Fred Kaplan for THE NEW YORKER –
On a Thursday evening a few months ago, a long line snaked along Seventh Avenue, outside the Village Vanguard, a cramped basement night club in Greenwich Village that jazz fans regard as a temple. The eight-thirty set was sold out, as were the ten-thirty set and nearly all the other shows that week. The people descending the club’s narrow steps had come to hear a twenty-seven-year-old singer named Cécile McLorin Salvant.
In its sixty years as a jazz club, the Vanguard has headlined few women and fewer singers of either gender. But Salvant, virtually unknown two years earlier, had built an avid following, winning a Grammy and several awards from critics, who praised her singing as “singularly arresting” and “artistry of the highest class.”
She and her trio—a pianist, a bassist, and a drummer, all men in their early thirties—emerged from the dressing lounge and took their places on a lit-up stage: the men in sharp suits, Salvant wearing a gold-colored Issey Miyake dress, enormous pink-framed glasses, and a wide, easy smile. She nodded to the crowd and took a few glances at the walls, which were crammed with photographs of jazz icons who had played there: Sonny Rollins cradling a tenor saxophone, Dexter Gordon gazing through a cloud of cigarette smoke, Charlie Haden plucking a bass with back-bent intensity. This was the first time Salvant had been booked at the club—for jazz musicians, a sign that they’d made it and a test of whether they’d go much farther. She seemed very happy to be there.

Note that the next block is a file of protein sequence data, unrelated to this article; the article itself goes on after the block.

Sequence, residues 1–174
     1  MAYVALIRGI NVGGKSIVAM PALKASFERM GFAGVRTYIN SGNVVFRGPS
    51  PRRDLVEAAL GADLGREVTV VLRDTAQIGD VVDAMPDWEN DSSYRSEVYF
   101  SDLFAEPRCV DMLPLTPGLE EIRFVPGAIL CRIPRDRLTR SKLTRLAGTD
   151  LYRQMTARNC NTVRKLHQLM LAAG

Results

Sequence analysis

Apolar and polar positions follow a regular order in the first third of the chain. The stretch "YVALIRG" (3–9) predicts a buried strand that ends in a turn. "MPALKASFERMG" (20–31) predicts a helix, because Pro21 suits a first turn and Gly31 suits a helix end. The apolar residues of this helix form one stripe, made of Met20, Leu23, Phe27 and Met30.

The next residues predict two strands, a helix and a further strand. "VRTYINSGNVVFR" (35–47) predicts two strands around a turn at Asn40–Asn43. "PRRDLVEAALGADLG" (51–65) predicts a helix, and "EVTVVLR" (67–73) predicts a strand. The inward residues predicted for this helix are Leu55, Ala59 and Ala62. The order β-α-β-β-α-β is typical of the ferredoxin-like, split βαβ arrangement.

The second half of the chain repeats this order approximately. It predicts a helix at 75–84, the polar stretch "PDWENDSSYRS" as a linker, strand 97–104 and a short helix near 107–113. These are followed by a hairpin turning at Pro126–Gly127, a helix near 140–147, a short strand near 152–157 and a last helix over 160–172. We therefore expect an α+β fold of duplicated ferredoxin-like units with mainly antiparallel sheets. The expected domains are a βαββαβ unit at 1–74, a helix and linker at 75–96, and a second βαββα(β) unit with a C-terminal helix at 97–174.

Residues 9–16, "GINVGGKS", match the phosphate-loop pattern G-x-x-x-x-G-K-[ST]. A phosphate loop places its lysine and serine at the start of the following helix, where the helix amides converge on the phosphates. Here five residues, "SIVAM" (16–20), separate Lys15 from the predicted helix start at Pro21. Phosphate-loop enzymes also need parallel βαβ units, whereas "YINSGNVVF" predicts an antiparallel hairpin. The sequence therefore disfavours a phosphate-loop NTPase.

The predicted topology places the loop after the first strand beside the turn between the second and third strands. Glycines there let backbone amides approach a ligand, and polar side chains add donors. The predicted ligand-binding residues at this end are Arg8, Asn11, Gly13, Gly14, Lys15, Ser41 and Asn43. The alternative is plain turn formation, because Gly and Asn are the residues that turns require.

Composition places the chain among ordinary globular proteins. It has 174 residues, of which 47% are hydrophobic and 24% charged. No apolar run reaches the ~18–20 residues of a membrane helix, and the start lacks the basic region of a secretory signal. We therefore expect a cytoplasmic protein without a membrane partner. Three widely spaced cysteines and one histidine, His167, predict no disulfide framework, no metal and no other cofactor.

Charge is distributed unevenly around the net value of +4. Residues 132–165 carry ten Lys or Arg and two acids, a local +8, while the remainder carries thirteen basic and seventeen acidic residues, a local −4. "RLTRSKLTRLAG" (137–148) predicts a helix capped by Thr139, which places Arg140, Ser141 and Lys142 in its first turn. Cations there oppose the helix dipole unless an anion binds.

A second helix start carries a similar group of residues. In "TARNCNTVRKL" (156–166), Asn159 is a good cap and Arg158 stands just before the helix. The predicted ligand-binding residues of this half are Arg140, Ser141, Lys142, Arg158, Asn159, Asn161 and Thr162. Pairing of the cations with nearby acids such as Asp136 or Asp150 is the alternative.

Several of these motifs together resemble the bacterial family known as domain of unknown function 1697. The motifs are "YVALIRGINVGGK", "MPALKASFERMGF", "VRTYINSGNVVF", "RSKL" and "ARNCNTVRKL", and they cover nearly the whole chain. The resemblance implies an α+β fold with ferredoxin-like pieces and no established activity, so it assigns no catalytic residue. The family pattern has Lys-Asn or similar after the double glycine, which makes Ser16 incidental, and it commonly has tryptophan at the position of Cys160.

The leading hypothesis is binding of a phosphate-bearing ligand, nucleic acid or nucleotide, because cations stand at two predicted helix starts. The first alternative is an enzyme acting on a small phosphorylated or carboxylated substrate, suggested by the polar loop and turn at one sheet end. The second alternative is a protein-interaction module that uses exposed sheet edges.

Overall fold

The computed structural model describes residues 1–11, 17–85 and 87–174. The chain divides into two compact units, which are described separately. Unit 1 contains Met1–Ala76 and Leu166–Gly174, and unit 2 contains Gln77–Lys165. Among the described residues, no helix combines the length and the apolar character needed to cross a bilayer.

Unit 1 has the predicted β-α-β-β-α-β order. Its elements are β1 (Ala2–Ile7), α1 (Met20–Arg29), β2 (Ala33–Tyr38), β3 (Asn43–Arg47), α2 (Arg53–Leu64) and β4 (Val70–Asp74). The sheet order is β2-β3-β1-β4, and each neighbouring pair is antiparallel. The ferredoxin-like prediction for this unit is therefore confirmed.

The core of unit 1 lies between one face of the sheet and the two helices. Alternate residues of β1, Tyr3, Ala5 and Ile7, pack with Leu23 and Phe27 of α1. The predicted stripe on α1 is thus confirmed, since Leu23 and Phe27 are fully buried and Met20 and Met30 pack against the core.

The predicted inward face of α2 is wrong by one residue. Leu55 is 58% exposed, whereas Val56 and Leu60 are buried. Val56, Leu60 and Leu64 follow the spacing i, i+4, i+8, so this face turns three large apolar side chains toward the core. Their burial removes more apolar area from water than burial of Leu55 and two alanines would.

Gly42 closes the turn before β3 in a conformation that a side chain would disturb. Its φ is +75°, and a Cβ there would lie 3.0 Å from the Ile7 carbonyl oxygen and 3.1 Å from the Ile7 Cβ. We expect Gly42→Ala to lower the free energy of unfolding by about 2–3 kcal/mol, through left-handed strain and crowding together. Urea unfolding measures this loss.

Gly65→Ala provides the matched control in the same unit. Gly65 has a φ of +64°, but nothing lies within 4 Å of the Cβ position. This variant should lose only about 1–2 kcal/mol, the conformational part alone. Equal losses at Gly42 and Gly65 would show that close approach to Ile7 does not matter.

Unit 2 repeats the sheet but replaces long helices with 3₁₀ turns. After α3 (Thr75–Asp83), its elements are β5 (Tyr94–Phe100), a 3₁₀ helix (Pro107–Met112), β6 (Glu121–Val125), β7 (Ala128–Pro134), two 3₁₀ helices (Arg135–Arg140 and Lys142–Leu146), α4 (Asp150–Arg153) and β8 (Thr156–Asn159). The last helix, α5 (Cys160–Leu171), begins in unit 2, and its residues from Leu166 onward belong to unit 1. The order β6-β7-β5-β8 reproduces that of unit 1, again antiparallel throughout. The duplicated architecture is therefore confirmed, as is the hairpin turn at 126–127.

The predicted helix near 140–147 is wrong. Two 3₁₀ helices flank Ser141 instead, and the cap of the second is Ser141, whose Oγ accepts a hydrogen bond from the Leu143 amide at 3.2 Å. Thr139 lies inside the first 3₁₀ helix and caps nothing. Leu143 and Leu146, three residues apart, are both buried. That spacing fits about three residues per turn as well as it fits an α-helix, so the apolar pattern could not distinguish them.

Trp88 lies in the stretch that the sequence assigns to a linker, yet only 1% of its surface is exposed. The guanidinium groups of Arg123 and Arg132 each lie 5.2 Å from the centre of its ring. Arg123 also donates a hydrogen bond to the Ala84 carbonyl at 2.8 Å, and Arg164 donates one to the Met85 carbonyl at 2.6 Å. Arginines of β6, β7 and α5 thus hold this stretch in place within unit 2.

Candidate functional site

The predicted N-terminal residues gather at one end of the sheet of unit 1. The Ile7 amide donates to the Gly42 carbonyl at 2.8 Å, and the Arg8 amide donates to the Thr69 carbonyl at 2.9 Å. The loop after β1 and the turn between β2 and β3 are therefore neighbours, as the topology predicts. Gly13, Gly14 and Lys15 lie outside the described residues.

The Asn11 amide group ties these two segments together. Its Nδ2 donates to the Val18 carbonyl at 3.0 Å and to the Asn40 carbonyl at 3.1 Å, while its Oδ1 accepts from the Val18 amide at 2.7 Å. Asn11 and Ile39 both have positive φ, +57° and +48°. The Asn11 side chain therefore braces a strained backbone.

The set opened with Irving Berlin’s “Let’s Face the Music and Dance,” and it was clear right away that the hype was justified. She sang with perfect intonation, elastic rhythm, an operatic range from thick lows to silky highs. She had emotional range, too, inhabiting different personas in the course of a song, sometimes even a phrase—delivering the lyrics in a faithful spirit while also commenting on them, mining them for unexpected drama and wit. Throughout the set, she ventured from the standard repertoire into off-the-beaten-path stuff like Bessie Smith’s “Sam Jones Blues,” a funny, rowdy rebuke to a misbehaving husband, and “Somehow I Never Could Believe,” a song from “Street Scene,” an obscure opera by Kurt Weill and Langston Hughes. She unfolded Weill’s tune, over ten minutes, as the saga of an entire life: a child’s promise of bright days ahead, a love that blossoms and fades, babies who wrap “a ring around a rosy” and then move away. When she sang, “It looks like something awful happens / in the kitchens / where women wash their dishes,” her plaintive phrasing transformed a description of domestic obligation into genuine tragedy. A hush washed over the room.
Wynton Marsalis, who has twice hired Salvant to tour with his Jazz at Lincoln Center Orchestra, told me, “You get a singer like this once in a generation or two.” Salvant might not have reached this peak just yet, he said. But, he added, “could Michael Jordan do all he would do in his third year? No, but you could tell what he was going to do. Cécile’s the same way.”